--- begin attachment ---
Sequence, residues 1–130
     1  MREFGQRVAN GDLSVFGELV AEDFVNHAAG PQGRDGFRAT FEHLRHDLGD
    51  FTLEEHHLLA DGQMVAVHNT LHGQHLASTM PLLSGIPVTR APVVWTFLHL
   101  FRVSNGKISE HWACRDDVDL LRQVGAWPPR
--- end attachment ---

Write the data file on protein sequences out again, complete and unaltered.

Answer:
Sequence, residues 1–130
     1  MREFGQRVAN GDLSVFGELV AEDFVNHAAG PQGRDGFRAT FEHLRHDLGD
    51  FTLEEHHLLA DGQMVAVHNT LHGQHLASTM PLLSGIPVTR APVVWTFLHL
   101  FRVSNGKISE HWACRDDVDL LRQVGAWPPR